Going Up In a Puff of Smoke.....
words of advice from the ACT Fire Commissioner, Jim Dance
One of those cool, crisp, clear winter days. A perfect day to take the Caddy for a cruise. The motor is smooth and quiet and the road is clear and straight. Your lateral vision picks up a wisp of something drifting from beneath the bonnet. Before you have time to react, the wisp becomes an ominous black cloud
You pull over to the side of the road and notice the smoke from beneath the bonnet is now pouring from every aperture. Your pride and joy is quickly engulfed in flames. Beyond salvage, you can only regret that you didn’t double check that little wiring job you had done a week before. Perhaps a fire extinguisher might have been a better investment than the new radio.
Cars, particularly older cars, are susceptible to fire. The electrical systems, whilst well protected with fuses, are the most frequent cause of fire, usually because the basic precautions have not been taken. Correct fuses, checks to ensure the integrity of insulation and protection where wiring is prone to movement or abrasion, all assist in ensuring electrical systems continue to function. Is the battery held securely in place in your car? Are the cover plates likely to short across battery terminals? All these factors can lead to a car fire.
What about your fuel system? Does it leak? Are all the fuel lines in good condition and all connections tight and sealed? Is the carburettor prone to backfire and/or leakage? Exhaust systems are the other major cause of vehicle fires. Is the exhaust sealed, firmly attached to the vehicle and with adequate space between the exhaust and bodywork to ensure cooling and reduce transmission of heat? Is it clear of cables and wires, especially on cars that have had left to right hand conversions?
There are a number of actions which can minimise the likelihood and impact of fire in a car. First and foremost every vehicle should be fitted with a fire extinguisher. The most suitable extinguisher for your vehicle is a dry chemical powder extinguisher. This extinguisher is suited to fires in flammable liquids and electrical fires, and is considered to be the best lightweight general purpose extinguisher. It should be located in a position which makes it readily accessible in the event of a vehicle fire. Most extinguishers are mounted and firmly affixed to the body inside the cockpit. The boot provides a satisfactory alternative. One in both places is ideal.
An extinguisher installed in the engine compartment will not be accessible in the event of a beneath-bonnet fire. It is also not recommended to lift the bonnet in the event of a fire in the engine compartment. The inflow of air will only accelerate the fire and make it more difficult to extinguish. If smoke is seen coming from the engine compartment of your car, the bonnet should be released and only raised to a level which allows accurate operation of the extinguisher on the seat of the fire. This ensures maximum effectiveness of the available extinguishing agent.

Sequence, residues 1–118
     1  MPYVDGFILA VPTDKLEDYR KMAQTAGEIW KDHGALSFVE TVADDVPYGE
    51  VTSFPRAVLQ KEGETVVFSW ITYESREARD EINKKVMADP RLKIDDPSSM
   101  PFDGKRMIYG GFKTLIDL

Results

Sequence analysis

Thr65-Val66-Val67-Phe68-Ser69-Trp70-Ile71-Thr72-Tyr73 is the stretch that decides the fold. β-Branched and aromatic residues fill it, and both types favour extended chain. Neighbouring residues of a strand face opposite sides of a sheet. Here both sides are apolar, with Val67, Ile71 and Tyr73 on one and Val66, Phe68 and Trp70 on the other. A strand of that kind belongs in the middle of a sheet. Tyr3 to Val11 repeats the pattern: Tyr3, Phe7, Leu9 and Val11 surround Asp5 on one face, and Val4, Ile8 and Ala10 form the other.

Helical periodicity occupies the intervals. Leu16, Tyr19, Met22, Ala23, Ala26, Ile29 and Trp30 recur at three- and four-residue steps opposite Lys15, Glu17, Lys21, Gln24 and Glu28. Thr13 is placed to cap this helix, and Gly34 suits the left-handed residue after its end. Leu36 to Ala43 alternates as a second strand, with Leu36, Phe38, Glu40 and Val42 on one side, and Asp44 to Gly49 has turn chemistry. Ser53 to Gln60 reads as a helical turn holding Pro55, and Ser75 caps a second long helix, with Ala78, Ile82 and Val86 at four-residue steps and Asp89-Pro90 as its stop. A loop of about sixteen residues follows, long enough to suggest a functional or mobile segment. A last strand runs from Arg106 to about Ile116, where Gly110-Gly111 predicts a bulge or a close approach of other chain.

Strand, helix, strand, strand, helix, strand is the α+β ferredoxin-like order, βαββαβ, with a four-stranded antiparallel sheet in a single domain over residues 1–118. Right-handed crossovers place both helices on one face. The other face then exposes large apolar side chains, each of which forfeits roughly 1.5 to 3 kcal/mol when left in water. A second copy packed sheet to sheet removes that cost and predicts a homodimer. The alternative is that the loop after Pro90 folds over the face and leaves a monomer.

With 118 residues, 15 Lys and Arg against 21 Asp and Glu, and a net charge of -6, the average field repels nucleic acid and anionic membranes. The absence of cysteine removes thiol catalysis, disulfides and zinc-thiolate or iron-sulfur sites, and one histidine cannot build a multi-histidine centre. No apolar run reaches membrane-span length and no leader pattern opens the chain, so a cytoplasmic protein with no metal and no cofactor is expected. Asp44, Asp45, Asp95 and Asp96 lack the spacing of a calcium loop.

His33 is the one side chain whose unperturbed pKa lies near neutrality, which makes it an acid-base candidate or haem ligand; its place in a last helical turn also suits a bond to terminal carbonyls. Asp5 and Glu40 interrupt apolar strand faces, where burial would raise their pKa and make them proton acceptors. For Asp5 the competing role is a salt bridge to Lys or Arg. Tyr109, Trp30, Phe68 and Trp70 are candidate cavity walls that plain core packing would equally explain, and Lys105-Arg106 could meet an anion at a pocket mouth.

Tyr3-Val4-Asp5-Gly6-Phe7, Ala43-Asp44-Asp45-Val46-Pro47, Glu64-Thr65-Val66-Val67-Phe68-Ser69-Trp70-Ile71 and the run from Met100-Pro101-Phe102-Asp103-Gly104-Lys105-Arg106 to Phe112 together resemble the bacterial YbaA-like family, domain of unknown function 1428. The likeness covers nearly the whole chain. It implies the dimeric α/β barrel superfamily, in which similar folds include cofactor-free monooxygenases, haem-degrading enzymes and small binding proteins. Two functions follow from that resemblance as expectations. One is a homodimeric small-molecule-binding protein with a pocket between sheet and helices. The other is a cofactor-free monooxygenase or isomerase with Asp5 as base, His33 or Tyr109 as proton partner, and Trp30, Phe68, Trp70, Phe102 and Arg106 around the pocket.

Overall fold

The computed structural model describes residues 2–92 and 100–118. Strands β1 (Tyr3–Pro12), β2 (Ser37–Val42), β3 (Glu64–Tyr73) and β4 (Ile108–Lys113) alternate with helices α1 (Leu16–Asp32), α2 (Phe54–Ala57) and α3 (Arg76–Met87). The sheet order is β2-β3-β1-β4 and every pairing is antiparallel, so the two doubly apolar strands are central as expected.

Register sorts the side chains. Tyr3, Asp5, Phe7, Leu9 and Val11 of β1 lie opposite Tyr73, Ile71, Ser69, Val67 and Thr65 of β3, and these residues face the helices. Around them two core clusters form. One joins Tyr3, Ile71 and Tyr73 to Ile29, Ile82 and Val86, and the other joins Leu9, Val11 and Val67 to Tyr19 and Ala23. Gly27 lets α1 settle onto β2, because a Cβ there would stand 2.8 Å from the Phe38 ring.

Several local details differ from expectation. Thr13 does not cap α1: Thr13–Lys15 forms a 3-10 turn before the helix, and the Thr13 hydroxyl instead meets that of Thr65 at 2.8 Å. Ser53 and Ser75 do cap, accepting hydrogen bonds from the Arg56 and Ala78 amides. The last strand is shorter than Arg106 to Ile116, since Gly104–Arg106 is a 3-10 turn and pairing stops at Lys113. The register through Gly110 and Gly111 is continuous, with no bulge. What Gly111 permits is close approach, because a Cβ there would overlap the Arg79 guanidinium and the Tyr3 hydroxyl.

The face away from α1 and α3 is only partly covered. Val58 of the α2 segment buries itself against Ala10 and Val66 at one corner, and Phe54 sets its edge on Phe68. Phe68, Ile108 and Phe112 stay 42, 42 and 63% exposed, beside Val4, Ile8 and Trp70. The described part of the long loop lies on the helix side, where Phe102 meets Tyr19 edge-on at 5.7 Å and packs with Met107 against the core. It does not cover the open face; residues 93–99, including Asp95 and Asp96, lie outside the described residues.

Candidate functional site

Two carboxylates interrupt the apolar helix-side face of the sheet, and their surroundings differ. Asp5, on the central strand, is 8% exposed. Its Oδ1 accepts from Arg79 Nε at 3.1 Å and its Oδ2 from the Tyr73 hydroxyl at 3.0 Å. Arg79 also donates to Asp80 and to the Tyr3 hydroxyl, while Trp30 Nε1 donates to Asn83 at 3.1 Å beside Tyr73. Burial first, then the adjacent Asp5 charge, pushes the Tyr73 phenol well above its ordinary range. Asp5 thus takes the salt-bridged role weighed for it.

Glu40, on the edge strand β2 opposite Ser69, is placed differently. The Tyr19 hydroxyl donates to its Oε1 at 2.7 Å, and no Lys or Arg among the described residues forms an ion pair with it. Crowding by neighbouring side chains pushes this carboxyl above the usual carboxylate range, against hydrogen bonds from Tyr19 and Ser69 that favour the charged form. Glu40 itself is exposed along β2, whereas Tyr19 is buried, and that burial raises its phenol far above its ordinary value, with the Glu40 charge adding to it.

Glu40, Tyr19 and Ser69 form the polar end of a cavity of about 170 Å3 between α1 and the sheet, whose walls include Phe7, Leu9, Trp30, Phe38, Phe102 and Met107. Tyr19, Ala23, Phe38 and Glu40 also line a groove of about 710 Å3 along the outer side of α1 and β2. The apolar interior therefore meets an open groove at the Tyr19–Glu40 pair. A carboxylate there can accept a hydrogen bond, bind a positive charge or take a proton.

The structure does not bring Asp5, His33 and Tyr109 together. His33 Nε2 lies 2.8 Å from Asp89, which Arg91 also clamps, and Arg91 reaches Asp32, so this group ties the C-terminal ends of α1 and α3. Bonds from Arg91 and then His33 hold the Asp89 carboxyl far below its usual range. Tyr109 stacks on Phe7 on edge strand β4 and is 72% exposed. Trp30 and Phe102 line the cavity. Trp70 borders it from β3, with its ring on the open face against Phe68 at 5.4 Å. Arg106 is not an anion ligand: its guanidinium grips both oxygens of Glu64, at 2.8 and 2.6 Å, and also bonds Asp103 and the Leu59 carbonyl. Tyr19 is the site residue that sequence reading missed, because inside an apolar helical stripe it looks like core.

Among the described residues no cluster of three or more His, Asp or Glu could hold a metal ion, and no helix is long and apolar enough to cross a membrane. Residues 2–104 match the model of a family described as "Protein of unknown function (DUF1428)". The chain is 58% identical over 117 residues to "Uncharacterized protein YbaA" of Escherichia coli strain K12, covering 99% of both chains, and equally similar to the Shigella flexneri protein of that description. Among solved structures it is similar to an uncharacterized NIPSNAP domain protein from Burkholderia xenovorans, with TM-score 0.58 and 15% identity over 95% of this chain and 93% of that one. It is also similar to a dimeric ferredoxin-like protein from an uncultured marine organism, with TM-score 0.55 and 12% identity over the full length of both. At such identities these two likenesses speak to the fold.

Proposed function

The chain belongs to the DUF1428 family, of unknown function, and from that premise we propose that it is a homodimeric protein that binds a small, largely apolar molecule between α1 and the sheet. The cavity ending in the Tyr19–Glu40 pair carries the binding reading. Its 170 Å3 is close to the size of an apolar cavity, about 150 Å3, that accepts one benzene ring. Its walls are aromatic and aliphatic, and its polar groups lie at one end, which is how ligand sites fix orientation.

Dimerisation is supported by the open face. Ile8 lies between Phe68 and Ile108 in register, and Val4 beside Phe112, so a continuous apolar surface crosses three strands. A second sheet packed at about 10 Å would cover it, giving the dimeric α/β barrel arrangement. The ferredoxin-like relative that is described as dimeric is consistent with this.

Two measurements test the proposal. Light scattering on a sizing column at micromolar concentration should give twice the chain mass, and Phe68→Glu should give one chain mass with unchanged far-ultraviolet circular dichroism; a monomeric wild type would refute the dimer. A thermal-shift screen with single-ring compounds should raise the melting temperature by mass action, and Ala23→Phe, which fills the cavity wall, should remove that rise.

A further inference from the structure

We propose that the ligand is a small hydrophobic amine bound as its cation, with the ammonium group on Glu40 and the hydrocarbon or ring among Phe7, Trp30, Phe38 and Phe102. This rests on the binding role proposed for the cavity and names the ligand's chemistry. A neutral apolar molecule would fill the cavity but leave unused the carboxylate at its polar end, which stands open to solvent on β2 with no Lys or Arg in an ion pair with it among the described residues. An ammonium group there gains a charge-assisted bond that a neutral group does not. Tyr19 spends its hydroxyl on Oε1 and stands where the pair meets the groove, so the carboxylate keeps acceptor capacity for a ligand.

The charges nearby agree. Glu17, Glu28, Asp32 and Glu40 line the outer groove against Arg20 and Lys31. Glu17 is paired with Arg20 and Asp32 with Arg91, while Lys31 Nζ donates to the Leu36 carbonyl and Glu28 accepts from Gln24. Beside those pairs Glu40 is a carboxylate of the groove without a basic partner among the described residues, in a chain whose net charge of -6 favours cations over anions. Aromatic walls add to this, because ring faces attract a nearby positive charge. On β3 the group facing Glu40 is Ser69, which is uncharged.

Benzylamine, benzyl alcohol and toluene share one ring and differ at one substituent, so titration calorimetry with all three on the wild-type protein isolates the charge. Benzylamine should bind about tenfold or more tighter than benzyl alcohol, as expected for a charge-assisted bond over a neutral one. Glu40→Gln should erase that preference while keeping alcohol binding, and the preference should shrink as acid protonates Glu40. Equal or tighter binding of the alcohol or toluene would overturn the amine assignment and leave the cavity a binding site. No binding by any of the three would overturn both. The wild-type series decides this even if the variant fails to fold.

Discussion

In all vehicles, a battery isolation switch which is conveniently located will ensure rapid isolation of current from faulty wires or burning electrical equipment. In older vehicles this isolator switch is essential due to the likelihood of wiring deterioration. Fuses should be checked and correct fuses installed for the designed purpose. Higher calibration fuses should not be installed, so that circuits do not overload causing heat and deterioration of wiring.
It is possible to install automatic fire extinguishing systems in cars but the cost, complexity and weight of these systems usually makes such an installation prohibitive for cars used under normal, non racing conditions.
A car fire, particularly one fuelled by petrol will be difficult to extinguish by the contents of a single extinguisher. It is essential that the fire be extinguished. In the event of a critical situation and without the appropriate extinguisher, a garden hose is an excellent backup. Quite large fires can be extinguished by utilizing the spray function on your garden hose. Water damage will always be less than the results of an uncontrolled fire.
Lastly, and perhaps most importantly, many cars are lost as the result of garage fires. Normal precautions within your garage can minimise the risk of fire particularly the use of solvents, fuels and chemicals which may result in fire. Faulty electrical systems can also lead to fire as can grinding, welding and other activities carried out in rebuilding, modifying or maintaining your car. Install smoke alarms in your garage, a fire extinguisher and a fire blanket and you minimise the risk.
Remember, all the worst fires have three causes - men, women and children.
ACT Fire Commissioner and MG Car Club Canberra Member
Our thanks go to Ruth at NRMA for supplying this valuable piece of information for Caddy Club members and owners.
Addendum: One of our readers has advised (from experience) that in an emergency situation where no fire extinguishers are available, a 2 litre bottle of soft drink shaken hard with the cap removed and a thumb over the hole can do a pretty good job!